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Nov 19

Freedom campers need to play by the rules

Campervans in a paddock where it's legal to park because they've kindly asked.

Campervans in a paddock where it’s legal to park because thei owners have kindly asked.

I hadn’t thought ‘lightly’ and ‘politely’ could be interchangeable until a letter from a rental vehicle company proved that, indeed, this is so.

We share a Kaipara beach with ‘no camping’ signs which were ignored by some freedom campers I met during a preprandial wander. The couple, whose van had been parked all day, were relaxing on deck chairs on the beach. The man acknowledged me, but the stiff set of the couple’s backs indicated they had no wish to chat.

I walked past their van, past a fire on the beach and . . . .urghhh!!! . . . past dirty pieces of tissue paper near the boat ramp. Yick!!!

As if by karma, a clean plastic bag lay at my feet. I used it to gather the toilet paper then approached the stiff-backed couple who told me they were from Europe and that this was their third New Zealand holiday.

I politely mentioned the no camping rule and offered a camping spot in a nearby paddock. The declined and looked surprised when I said the beach was popular with boaties and families and that there was a nearby toilet.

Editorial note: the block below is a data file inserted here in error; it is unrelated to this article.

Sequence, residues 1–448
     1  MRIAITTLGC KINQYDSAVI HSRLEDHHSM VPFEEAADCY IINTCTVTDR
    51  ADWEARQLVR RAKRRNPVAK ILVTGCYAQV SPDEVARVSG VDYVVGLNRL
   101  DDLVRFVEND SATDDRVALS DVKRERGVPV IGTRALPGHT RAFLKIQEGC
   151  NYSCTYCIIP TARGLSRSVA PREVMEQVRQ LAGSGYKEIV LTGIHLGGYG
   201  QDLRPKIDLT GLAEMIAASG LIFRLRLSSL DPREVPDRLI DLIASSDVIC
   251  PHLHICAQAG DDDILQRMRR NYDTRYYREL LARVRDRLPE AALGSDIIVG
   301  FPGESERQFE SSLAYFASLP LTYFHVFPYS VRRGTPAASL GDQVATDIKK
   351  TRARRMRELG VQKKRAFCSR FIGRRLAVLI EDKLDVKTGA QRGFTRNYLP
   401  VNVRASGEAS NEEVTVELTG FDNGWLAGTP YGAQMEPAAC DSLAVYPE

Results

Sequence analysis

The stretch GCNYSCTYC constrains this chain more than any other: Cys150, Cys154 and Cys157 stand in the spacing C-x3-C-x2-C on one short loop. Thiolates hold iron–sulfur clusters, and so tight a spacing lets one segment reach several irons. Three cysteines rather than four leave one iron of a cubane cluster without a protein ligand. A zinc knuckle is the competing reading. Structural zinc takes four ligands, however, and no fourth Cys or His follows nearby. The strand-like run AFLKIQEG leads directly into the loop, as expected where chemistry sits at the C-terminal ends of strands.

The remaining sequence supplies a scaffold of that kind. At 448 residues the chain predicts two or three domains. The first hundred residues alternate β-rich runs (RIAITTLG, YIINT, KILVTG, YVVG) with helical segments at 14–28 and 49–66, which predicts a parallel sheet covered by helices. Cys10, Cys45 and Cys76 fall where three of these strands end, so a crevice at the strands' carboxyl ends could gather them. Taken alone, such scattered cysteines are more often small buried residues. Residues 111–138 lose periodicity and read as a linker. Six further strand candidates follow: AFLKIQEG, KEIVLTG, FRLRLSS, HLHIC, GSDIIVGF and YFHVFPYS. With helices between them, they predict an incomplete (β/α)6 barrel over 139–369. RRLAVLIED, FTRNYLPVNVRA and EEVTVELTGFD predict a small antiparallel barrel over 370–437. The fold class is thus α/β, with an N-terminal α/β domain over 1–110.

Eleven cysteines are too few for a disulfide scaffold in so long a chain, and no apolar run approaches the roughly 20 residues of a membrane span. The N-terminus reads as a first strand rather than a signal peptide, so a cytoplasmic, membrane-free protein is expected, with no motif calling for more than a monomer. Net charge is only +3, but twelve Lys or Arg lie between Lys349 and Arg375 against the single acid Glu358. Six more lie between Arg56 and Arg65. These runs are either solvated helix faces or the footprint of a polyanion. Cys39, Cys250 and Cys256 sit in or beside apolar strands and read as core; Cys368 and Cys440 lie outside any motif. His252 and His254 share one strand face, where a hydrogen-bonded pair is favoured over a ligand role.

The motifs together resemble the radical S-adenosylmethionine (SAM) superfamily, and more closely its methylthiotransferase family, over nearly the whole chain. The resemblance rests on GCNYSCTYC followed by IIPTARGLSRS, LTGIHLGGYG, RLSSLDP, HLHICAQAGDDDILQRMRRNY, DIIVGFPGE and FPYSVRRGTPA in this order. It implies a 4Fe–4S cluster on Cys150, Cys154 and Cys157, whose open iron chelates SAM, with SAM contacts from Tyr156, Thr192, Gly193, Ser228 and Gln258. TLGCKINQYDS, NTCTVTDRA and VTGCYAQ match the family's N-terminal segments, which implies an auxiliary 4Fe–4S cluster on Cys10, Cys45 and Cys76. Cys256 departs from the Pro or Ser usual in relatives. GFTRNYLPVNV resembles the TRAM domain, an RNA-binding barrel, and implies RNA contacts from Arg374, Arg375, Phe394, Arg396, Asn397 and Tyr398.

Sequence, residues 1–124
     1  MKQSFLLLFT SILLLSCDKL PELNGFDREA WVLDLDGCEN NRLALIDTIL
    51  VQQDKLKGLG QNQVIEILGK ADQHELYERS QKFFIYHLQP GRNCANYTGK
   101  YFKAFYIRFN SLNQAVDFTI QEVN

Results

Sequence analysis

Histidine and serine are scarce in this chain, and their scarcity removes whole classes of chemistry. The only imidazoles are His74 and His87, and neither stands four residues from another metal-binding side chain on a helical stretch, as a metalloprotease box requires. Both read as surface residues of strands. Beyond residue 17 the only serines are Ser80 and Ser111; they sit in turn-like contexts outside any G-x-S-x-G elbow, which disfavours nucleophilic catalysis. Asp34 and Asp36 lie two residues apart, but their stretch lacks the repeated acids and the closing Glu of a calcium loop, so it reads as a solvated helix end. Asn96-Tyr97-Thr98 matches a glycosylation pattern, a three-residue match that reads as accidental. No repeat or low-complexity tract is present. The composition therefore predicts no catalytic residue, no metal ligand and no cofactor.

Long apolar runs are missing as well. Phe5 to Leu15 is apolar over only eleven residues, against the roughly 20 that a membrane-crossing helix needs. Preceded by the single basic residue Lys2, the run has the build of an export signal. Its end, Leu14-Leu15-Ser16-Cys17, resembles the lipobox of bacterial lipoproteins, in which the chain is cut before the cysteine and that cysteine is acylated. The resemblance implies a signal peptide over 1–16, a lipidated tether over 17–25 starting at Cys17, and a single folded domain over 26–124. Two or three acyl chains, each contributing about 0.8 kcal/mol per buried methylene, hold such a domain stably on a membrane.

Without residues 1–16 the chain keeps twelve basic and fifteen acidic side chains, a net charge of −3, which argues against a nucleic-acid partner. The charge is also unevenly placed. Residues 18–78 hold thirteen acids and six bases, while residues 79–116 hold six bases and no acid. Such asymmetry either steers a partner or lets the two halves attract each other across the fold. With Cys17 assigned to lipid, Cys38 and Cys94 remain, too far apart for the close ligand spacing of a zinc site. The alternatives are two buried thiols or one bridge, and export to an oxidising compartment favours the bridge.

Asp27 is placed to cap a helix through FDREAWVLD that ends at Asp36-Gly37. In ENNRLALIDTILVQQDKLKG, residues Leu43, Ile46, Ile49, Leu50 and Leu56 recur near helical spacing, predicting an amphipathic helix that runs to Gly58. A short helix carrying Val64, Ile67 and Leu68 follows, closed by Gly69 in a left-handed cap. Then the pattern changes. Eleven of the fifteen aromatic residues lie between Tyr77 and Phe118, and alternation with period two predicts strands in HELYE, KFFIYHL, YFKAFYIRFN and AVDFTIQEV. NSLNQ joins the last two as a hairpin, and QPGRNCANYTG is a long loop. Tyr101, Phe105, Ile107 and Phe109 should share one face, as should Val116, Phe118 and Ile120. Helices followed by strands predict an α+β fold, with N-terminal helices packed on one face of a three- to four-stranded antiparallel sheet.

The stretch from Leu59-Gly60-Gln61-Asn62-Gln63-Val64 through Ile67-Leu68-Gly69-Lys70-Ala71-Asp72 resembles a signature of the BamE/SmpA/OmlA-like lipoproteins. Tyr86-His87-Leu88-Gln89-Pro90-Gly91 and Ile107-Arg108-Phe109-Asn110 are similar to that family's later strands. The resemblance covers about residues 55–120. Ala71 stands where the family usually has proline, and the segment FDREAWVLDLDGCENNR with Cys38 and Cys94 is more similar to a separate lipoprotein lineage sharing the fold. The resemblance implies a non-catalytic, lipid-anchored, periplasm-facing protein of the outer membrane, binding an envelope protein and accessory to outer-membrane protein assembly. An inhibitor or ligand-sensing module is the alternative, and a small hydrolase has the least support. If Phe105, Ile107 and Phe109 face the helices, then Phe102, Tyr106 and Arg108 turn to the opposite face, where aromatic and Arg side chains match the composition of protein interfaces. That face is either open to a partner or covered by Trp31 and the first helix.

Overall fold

“Some naughty people used the grass as a toilet,” I said, indicating the ‘treasures’ in the plastic bag.

They left the next day leaving wood on a fire that smouldered near dry kikuyu.

What would you do? I wrote to the vehicle hire company and days later received a prickly reply informing me I’d made incorrect assumptions. The writer also asked why I hadn’t lightly pointed out that camping wasn’t permitted.

Confused, I checked my letter and found I’d made no assumptions, incorrect or otherwise – I hadn’t accused the company of not educating campers, but said I’d been unable to find this info on their website. And in the circumstances, was the tone of our interaction relevant? Now I felt prickly.

I replied saying that, in fact, they had made an incorrect assumption as I had spoken “lightly” to the campers when I offered them a legal camp site.

A few days later, glancing at the grouchy letter, I realised I’d misread it. I don’t mean to make fun of the writer’s spelling ability – we all have different strengths and weaknesses – but I’d been asked to speak “per lightly” to the campers, i.e. “politely”.

In my chummy reply, I’d agreed with the writer’s idea that, if a similar thing happened again, I should contact the relevant car hire company. I didn’t mention that he’d incorrectly assumed I was a bloke.

About the author

Rae Roadley

Rae is a journalist, freelance writer and writing tutor. Soon after returning to her hometown to work for Northland's daily newspaper, she met beef and sheep farmer Rex Roadley. He lived in a historic home at Batley on the Kaipara Harbour and after moving there, Rae reported on farming then wrote a newspaper column, The Country Side. Her wryly amusing tales of country life earned many followers and led her to learn more about the local people, past and present. She tells the story of her new life in 'Love at the End of the Road: Finding my heart in the country'.

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